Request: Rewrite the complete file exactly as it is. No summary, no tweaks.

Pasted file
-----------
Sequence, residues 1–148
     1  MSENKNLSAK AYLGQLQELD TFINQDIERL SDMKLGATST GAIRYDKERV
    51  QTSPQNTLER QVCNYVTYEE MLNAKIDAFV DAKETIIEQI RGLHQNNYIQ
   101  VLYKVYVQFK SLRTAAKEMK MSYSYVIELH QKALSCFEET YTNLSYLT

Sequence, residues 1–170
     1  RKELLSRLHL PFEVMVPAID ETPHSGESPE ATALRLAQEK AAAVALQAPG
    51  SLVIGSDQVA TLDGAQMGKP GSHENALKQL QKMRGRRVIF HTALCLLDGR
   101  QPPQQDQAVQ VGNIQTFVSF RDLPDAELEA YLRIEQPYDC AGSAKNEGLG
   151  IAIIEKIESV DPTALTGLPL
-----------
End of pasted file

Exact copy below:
Sequence, residues 1–148
     1  MSENKNLSAK AYLGQLQELD TFINQDIERL SDMKLGATST GAIRYDKERV
    51  QTSPQNTLER QVCNYVTYEE MLNAKIDAFV DAKETIIEQI RGLHQNNYIQ
   101  VLYKVYVQFK SLRTAAKEMK MSYSYVIELH QKALSCFEET YTNLSYLT

Sequence, residues 1–170
     1  RKELLSRLHL PFEVMVPAID ETPHSGESPE ATALRLAQEK AAAVALQAPG
    51  SLVIGSDQVA TLDGAQMGKP GSHENALKQL QKMRGRRVIF HTALCLLDGR
   101  QPPQQDQAVQ VGNIQTFVSF RDLPDAELEA YLRIEQPYDC AGSAKNEGLG
   151  IAIIEKIESV DPTALTGLPL